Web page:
A highly emotional and deep musician, Lawson was known to weep and shed tears while singing his own songs, notably the haunting So ala teme. Sir Maliki Showman, the famous Nigerian tenor saxophonist who played with Bobby Benson, Victor Uwaifo and Rex Lawson, remembers Lawson as always placing music over money. Lawson is famed for his infectious gregariousness, his musical vision, talent, perseverance and individuality.
Lawson died tragically in 1971 in a car accident on his way to play a show in Warri, Nigeria.
His music is loved to this day in Nigeria. His songs are regularly performed and danced at live band shows in Nigeria, and a number of young musicians have resang some of his old hits, and his relevance continues to be felt. The young new generation highlife musician CHE & the Continuous Highlife Evolution, for instance, dedicated his hit debut album PALMGROOVE to Rex Lawson.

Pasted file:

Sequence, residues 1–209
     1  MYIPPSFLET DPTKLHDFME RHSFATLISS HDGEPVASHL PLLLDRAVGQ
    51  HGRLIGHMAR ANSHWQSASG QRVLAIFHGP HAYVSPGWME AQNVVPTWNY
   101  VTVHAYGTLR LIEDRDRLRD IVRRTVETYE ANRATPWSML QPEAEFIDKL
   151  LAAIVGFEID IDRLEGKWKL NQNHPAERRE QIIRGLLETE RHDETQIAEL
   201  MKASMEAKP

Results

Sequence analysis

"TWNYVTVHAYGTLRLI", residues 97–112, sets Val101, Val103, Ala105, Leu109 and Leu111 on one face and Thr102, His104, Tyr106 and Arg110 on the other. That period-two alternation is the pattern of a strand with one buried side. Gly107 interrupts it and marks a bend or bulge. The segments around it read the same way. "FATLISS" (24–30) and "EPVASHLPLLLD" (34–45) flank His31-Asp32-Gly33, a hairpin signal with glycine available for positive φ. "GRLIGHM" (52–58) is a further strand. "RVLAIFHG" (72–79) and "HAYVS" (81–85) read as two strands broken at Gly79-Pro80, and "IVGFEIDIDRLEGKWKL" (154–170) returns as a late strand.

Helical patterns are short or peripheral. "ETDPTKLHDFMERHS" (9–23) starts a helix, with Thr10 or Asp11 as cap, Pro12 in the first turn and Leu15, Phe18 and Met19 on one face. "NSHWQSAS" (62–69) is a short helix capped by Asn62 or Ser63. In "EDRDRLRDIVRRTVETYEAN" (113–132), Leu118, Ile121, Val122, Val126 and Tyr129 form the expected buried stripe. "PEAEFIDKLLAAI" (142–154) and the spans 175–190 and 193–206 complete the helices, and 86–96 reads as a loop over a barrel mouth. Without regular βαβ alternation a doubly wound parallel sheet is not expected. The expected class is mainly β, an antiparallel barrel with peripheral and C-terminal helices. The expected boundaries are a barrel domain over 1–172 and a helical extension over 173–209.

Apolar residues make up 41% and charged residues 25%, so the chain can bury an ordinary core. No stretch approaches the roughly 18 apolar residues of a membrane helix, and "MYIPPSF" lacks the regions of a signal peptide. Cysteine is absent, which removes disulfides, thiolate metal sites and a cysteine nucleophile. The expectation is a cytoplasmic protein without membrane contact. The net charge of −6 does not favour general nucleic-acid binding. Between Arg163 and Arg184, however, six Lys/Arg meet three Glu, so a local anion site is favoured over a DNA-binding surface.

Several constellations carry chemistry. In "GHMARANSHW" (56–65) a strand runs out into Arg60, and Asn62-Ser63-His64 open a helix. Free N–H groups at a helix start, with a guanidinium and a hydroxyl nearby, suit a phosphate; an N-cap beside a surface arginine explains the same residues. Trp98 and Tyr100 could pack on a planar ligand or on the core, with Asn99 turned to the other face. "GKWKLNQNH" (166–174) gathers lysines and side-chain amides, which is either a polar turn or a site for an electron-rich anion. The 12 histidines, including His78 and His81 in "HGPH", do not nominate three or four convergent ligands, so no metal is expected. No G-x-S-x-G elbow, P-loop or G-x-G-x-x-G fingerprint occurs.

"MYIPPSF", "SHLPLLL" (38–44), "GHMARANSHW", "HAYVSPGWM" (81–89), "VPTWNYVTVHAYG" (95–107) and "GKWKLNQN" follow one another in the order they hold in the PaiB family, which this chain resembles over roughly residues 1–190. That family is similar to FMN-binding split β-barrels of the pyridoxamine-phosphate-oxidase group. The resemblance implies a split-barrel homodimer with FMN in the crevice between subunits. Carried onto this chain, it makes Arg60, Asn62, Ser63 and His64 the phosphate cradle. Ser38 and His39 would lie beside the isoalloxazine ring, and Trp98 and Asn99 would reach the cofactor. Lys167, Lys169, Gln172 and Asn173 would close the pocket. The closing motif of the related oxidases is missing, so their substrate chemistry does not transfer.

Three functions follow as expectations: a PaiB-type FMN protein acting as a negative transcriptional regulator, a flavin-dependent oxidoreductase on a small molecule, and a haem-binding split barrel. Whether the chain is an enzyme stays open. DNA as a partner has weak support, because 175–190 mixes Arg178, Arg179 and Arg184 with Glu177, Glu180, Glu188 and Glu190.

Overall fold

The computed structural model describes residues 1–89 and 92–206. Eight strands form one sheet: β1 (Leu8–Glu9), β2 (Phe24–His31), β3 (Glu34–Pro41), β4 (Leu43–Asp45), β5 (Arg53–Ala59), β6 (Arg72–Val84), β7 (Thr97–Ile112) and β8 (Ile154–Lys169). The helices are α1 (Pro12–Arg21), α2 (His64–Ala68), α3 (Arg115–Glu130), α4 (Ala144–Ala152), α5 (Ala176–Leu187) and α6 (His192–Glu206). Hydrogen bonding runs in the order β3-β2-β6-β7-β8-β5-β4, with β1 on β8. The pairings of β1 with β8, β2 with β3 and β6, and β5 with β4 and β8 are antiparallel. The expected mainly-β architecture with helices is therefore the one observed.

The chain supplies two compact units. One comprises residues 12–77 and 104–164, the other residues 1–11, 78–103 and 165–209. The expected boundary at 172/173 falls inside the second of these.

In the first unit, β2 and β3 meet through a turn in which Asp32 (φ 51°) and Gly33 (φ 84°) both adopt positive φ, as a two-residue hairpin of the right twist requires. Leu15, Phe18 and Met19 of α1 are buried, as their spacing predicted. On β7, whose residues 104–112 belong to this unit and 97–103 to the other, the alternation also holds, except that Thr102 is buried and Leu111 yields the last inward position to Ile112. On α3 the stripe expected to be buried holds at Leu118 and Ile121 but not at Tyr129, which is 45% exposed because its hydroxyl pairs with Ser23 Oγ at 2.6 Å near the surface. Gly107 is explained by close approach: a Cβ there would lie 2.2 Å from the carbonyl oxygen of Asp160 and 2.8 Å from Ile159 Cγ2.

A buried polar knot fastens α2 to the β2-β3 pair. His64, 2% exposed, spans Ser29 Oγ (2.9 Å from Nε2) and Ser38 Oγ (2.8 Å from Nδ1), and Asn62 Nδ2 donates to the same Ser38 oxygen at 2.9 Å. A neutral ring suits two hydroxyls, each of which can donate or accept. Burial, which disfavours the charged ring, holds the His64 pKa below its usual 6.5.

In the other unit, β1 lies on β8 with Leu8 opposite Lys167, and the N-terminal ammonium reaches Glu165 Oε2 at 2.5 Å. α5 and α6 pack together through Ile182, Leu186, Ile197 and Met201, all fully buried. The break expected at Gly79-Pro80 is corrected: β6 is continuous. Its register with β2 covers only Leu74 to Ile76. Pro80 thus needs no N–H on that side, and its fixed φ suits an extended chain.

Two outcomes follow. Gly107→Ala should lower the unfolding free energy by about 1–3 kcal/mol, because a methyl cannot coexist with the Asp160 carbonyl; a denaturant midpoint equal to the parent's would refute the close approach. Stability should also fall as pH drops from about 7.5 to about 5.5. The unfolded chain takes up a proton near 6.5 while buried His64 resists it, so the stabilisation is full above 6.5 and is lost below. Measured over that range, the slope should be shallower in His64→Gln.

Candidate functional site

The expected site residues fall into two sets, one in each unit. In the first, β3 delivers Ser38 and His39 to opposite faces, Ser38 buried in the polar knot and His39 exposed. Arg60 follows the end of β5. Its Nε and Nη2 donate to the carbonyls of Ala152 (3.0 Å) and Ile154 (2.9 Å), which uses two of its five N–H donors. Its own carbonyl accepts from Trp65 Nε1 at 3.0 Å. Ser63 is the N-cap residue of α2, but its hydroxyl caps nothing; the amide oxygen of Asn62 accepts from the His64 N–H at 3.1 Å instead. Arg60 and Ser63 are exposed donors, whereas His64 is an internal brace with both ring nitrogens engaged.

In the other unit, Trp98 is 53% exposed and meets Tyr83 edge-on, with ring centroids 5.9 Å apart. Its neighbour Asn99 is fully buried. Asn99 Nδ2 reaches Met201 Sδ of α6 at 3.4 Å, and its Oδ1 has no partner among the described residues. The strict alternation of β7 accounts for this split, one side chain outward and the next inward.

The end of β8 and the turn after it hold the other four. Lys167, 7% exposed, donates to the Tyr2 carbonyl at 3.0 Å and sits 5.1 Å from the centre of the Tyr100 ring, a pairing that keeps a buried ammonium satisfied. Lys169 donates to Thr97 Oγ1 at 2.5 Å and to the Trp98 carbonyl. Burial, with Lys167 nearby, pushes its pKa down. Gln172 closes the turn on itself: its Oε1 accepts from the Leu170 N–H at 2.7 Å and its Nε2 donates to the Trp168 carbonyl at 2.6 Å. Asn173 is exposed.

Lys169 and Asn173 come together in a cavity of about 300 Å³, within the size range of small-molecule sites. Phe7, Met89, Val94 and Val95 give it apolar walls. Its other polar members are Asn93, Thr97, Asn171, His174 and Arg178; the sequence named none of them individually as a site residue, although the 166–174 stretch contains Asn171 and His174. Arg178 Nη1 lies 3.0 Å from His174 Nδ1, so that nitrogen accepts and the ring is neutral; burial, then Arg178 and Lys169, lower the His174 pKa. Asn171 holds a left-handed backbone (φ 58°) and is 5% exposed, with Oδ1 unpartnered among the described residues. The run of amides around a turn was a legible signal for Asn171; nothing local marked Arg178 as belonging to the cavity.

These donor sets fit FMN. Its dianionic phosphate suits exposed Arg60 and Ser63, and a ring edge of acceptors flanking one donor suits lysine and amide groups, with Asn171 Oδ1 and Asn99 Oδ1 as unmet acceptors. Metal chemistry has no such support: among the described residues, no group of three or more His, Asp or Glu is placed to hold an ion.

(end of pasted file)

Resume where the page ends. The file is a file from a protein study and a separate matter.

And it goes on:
With highlife gradually experiencing a new slow resurgence in Nigeria and Ghana, the power and relevance, and magic, of people like Rex Lawson - whose music have survived and, like sweet palm wine, grown more intoxicating - becomes more evident.